“All art is an abstraction to some degree.” – Henry Moore
Cool winds, the distinctive scent of autumn and a thick carpet of fallen leaves make for a truly memorable Fall day in Northern Arizona. Celebrating the dramatic change of seasons in Northern Arizona, I am pleased to share a few interpretive impressions of autumn Aspen reflections on a quiet pond near Hart Prairie Road, Flagstaff, Arizona.
While I would like to claim great foresight and conceptual thinking in creation of these photos, this series was, in fact, created on the spur of the moment in a fit of frustration … or, more accurately, sheer desperation.
On this Fall day amidst gusty winds, I found myself frantically shooting at very high shutter speeds, trying to "freeze" the movement of tree branches and golden leaves. We thought about packing up and moving down the road, hoping to hike into a valley area having at least some protection from the relentless from wind.
NIKON D800E, f/22 @ 35 mm, 0.6s, ISO 64
Instead, after trying many camera settings at inordinately high ISO levels - none of them optimal in my mind - I settled down and decided to stop "fighting" nature. It occurred to me to shoot a series of abstract photos embracing the sense of movement in the strong autumn winds and the change of seasons. The first two time exposure images were captured through slight camera movements, using a tripod with a loosely adjusted ball head.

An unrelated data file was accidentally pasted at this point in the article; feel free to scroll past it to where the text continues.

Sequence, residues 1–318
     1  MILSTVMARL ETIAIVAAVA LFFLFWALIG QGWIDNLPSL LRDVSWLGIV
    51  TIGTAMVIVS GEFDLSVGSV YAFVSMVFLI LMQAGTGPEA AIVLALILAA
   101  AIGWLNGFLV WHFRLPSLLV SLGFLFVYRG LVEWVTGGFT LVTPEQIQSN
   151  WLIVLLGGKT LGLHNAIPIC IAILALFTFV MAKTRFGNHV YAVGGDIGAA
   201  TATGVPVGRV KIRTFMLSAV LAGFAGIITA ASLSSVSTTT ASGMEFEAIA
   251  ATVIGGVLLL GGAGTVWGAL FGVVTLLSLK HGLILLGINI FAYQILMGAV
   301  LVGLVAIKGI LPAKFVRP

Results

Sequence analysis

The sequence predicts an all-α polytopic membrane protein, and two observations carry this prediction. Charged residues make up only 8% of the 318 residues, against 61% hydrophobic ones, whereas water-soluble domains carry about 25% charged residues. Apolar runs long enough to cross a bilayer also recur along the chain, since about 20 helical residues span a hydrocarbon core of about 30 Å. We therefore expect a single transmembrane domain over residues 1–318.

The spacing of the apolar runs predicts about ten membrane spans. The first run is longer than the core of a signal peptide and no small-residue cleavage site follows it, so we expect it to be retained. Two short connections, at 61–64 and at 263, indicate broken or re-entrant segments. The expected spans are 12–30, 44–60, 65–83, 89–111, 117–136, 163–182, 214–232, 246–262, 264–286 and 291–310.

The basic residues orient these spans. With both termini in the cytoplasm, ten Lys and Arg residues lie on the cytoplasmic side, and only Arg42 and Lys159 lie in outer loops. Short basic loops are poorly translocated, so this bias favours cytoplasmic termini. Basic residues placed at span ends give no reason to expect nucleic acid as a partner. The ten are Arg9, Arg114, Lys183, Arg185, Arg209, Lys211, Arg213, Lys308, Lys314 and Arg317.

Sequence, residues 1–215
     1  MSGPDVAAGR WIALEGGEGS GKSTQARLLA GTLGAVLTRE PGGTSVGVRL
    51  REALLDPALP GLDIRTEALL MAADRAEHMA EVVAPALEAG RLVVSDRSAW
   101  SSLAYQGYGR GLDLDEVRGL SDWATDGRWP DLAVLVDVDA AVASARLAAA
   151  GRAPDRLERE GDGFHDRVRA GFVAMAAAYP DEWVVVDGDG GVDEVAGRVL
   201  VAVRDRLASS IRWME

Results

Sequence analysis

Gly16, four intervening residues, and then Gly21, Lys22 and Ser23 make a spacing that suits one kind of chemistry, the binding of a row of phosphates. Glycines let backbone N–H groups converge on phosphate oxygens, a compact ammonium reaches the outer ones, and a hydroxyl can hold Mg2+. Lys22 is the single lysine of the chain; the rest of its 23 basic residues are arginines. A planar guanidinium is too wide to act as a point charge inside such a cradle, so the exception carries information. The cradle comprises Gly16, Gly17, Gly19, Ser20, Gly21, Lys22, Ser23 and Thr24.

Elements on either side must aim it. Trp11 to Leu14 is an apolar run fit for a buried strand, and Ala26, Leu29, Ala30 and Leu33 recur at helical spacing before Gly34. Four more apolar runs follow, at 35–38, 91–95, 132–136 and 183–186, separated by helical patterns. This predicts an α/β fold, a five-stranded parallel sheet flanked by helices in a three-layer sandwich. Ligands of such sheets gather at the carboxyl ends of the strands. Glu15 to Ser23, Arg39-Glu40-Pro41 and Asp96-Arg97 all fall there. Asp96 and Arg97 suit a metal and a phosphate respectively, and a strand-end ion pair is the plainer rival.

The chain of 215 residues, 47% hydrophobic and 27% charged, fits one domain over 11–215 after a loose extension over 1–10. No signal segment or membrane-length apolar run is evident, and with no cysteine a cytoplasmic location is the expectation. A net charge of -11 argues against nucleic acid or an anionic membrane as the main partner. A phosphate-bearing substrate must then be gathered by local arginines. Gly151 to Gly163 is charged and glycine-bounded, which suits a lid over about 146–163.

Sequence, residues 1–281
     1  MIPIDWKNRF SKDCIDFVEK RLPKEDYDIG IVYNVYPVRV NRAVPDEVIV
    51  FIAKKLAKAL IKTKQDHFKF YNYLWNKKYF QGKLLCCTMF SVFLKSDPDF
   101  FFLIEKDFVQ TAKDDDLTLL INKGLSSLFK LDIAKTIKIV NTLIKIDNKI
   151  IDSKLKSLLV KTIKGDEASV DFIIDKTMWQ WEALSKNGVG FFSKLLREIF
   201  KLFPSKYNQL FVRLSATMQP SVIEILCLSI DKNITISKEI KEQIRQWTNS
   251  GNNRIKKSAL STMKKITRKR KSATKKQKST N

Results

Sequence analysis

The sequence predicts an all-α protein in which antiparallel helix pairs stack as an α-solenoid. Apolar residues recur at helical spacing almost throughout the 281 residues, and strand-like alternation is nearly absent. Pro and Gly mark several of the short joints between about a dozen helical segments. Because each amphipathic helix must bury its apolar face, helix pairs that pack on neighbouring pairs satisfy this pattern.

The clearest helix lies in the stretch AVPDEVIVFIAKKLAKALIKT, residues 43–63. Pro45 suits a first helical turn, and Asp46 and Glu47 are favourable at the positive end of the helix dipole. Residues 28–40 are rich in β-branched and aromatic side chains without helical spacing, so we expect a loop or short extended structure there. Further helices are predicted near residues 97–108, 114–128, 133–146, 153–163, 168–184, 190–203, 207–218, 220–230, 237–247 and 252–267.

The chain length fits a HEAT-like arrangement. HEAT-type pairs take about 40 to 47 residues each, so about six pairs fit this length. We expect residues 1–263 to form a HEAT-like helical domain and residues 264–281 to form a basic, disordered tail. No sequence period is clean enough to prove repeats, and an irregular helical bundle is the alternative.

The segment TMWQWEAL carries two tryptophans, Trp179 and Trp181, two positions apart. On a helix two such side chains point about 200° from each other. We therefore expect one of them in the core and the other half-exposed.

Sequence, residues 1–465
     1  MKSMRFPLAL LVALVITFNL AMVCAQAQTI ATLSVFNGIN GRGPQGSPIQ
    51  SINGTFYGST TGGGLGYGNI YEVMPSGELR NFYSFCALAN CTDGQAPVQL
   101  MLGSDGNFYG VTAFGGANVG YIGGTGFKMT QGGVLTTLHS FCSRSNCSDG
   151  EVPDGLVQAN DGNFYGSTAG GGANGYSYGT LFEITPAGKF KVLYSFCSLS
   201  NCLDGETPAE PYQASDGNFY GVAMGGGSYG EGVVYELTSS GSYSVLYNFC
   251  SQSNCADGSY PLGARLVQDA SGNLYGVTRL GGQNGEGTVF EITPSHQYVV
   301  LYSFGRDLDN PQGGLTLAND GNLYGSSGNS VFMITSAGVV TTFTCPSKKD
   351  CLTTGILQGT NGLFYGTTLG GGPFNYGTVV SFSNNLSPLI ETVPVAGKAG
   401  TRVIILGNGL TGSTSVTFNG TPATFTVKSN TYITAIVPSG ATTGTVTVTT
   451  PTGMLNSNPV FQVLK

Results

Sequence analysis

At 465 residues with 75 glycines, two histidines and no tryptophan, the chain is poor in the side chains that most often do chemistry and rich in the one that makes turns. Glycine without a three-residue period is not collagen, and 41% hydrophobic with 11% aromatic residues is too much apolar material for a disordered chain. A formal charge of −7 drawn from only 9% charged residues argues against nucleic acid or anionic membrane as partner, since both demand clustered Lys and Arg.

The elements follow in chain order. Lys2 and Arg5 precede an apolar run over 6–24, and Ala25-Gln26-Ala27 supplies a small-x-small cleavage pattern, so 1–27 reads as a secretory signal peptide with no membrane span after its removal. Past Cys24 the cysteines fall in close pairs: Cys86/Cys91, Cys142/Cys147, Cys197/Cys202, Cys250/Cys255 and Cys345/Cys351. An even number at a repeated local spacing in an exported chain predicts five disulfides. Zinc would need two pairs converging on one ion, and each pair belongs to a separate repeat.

NIKON D800E, f/9 @ 20 mm, 1/500, ISO 400
Others photos in this series include fallen leaves afloat on the pond and cross sections of the thickly wooded Aspen forest and leaf covered forest floor.
A special thanks to my son, David Reinkensmeyer, for his great company, sense of adventure and honest critique of my photographic images on another banner day in Northern Arizona. His thoughtful comments about my photography are so valuable, both in the field and back at home in front of the computer.
NIKON D800E, f/2.8 @ 35 mm, 1/250, ISO 1,250
Marcus W. Reinkensmeyer
NIKON D800E,f/11 @ 35 mm, 1/50, ISO 1250
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